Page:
KISHEN B. MENDA, M.D.; SHERWOOD L. GORBACH, M.D.
During a prospective 18-month study we saw 23 cases of bacterial endocarditis in heroin addicts. The infecting organisms were Staphylococcus aureus (16), Streptococcus faecalis (3), Strep. viridans (2), Pseudomonas (1), and mixed streptococci and Enterobacter (1). Solitary tricuspid involvement with Staph. aureus was seen in 11 patients; all had septic pulmonary emboli, but only 5 had splenomegaly, 5 had hematuria, and 1 had peripheral stigmata in the conjunctivas or nail beds. Of seven patients with left-sided endocarditis (mitral or aortic valve disease), all had hematuria, five had peripheral stigmata, and four had splenomegaly. Complications of endocarditis included aortic valve rupture, empyema, severe respiratory insufficiency, embolus to central nervous system with hemiparesis, gastrointestinal bleeding, septic joints, and renal failure. All patients survived, including three in whom the initial antibiotic failed and three who subsequently relapsed and required retreatment. Improved survival can be obtained with early diagnosis and intensive management of complications.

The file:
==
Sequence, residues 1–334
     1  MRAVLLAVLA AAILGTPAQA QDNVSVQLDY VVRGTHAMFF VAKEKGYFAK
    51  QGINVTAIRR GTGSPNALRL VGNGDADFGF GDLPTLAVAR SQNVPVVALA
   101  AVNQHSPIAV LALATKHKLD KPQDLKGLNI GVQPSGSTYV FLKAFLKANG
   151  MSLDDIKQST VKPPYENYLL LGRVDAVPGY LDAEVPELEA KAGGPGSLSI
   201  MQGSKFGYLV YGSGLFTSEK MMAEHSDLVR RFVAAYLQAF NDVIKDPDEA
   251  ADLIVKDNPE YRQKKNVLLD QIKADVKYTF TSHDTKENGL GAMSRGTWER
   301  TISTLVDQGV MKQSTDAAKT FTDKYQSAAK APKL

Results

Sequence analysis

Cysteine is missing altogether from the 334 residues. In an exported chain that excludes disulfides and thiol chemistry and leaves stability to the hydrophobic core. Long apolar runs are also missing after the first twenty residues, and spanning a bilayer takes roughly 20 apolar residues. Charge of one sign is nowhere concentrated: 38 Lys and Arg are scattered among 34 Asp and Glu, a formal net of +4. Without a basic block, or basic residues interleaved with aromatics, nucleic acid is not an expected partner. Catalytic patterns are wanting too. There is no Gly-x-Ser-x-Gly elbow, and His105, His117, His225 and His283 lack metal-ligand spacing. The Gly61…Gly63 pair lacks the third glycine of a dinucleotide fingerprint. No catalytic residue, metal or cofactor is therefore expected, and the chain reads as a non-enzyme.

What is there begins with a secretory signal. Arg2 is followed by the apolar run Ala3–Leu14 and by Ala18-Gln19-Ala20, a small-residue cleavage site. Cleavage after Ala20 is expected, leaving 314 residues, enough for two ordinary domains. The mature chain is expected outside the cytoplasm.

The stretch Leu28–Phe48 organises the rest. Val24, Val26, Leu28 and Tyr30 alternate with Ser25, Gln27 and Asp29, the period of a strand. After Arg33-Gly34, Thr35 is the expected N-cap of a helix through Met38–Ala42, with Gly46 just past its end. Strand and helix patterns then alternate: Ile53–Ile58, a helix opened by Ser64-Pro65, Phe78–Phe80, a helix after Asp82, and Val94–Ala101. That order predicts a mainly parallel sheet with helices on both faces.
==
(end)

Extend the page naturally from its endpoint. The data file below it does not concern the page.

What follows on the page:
MENDA KB, GORBACH SL. Favorable Experience with Bacterial Endocarditis in Heroin Addicts. Ann Intern Med. 1973;78:25–32. doi: https://doi.org/10.7326/0003-4819-78-1-25
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Published: Ann Intern Med. 1973;78(1):25-32.
Cardiology, Endocarditis, Infectious Disease.
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